Foreign Minister Masahiko Komura expressed concern Friday that the agreement to provide North Korea with two light-water reactors may collapse unless Pyongyang cooperates to resolve suspicions about its missile and nuclear activities.
The Korean Peninsula Energy Development Organization framework will be meaningless if North Korea is constructing underground facilities capable of producing nuclear weapons, Komura told a regular news conference. Japan, South Korea and the United States are urging North Korea to provide access to the suspected underground site.
KEDO was launched based on an agreement between the U.S. and North Korea under which Pyongyang promised to give up its nuclear weapons program in exchange for the light-water reactors.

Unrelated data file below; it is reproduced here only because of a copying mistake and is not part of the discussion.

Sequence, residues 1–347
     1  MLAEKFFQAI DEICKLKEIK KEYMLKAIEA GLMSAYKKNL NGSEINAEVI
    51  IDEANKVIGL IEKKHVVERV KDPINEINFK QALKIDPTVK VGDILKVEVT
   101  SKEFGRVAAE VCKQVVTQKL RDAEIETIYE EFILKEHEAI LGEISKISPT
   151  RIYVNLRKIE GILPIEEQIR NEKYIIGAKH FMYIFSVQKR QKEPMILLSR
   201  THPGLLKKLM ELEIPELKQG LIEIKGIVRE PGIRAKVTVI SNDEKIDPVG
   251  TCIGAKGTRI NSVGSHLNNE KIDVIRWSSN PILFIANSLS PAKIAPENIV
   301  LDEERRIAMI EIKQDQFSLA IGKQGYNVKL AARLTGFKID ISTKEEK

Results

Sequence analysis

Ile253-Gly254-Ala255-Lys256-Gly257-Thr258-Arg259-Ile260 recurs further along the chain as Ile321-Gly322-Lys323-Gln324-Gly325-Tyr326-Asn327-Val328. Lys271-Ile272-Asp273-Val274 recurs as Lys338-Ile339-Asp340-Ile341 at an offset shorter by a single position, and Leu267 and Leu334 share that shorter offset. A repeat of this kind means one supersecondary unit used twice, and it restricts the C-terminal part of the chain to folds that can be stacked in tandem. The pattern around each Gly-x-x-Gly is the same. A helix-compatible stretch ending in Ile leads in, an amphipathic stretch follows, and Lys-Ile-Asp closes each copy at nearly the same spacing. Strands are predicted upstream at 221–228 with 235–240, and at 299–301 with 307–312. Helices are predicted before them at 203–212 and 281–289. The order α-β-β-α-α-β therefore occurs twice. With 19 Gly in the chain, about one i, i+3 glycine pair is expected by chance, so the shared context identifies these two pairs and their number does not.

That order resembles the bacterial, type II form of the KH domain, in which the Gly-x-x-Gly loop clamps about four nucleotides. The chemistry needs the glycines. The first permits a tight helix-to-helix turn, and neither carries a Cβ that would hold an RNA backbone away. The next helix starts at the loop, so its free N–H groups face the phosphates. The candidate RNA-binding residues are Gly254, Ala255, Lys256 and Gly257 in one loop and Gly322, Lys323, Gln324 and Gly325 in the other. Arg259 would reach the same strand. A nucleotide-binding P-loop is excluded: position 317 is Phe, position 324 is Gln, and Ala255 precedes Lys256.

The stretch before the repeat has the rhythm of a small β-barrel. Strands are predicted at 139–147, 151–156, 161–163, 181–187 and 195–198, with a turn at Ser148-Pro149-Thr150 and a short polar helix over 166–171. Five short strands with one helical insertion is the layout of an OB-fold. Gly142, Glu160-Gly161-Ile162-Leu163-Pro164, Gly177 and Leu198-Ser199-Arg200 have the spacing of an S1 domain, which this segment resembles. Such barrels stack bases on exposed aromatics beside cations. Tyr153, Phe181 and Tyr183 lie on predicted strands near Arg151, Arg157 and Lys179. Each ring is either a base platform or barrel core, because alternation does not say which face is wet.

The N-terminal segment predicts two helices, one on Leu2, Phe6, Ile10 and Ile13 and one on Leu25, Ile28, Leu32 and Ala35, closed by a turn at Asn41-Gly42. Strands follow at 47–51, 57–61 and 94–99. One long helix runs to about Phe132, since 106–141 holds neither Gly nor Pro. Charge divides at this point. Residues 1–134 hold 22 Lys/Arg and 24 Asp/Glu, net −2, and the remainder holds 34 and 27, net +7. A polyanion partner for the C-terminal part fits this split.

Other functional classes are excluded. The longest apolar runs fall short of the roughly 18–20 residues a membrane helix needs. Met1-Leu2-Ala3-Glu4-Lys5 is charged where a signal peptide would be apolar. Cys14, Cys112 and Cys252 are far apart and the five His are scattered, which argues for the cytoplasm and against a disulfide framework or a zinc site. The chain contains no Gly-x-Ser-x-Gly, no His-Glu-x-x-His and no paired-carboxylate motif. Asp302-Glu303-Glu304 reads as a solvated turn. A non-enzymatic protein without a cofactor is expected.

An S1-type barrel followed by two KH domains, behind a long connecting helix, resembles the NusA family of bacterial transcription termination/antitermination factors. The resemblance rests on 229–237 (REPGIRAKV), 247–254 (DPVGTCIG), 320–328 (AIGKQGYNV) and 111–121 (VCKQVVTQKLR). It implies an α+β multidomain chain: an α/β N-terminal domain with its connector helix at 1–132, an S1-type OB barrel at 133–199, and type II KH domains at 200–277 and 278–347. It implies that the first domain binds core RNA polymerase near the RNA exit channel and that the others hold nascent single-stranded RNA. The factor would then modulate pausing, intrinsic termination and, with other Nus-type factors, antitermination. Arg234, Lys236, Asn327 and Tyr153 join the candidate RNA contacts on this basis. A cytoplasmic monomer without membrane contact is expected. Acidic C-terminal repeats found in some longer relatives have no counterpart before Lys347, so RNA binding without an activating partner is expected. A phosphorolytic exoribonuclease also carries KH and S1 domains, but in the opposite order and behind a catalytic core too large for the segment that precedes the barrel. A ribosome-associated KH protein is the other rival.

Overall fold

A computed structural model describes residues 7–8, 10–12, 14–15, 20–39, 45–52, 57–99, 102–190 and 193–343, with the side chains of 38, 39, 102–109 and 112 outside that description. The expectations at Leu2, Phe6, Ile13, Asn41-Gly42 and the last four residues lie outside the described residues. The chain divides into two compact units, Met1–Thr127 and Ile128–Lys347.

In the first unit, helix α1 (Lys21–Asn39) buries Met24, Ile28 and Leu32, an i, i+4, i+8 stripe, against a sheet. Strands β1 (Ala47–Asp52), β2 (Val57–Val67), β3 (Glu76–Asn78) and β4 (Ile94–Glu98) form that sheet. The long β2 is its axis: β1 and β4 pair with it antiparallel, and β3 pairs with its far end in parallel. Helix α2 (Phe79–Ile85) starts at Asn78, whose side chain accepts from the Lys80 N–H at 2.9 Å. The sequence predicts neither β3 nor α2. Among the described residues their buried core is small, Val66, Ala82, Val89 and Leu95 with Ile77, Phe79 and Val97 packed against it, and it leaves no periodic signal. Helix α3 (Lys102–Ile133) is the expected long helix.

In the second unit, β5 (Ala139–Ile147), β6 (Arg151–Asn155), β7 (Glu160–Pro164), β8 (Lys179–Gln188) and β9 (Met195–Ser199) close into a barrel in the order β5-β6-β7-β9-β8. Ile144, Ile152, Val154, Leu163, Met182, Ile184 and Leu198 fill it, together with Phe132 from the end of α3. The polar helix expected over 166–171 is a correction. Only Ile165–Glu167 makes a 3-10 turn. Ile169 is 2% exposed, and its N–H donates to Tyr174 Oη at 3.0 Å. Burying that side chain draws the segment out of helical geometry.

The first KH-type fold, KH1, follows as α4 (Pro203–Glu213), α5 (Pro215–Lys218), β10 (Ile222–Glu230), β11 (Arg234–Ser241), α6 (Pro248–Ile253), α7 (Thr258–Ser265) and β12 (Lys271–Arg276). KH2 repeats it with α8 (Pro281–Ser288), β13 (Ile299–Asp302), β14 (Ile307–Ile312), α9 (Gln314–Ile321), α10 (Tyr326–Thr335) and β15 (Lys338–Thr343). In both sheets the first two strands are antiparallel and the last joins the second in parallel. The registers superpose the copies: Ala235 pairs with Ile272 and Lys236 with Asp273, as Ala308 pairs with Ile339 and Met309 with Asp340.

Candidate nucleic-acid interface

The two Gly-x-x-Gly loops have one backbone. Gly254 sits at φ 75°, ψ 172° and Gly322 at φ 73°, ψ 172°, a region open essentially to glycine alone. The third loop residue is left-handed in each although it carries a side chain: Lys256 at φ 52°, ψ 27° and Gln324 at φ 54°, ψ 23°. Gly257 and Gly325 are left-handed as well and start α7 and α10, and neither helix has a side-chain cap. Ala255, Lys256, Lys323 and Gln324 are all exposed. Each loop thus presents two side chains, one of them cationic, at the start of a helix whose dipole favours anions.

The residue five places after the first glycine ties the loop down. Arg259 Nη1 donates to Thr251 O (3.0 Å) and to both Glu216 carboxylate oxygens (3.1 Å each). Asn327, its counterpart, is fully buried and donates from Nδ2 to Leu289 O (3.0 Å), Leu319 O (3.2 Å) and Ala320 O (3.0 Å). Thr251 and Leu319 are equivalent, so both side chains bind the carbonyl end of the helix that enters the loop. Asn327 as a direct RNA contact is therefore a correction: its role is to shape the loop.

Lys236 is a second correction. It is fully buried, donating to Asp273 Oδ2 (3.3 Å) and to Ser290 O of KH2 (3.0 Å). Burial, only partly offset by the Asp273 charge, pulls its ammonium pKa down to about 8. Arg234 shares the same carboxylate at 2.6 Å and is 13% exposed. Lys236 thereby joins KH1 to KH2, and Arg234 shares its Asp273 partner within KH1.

Komura meanwhile suggested that Japan’s cooperation with KEDO may have to be suspended again if North Korea launches another missile similar to the one it fired over Japan Aug. 31. “It will become extremely difficult to gain public support” for the plan at home in such an event, he said.
Some media reports have recently suggested Pyongyang is preparing to launch another Taepodong missile.
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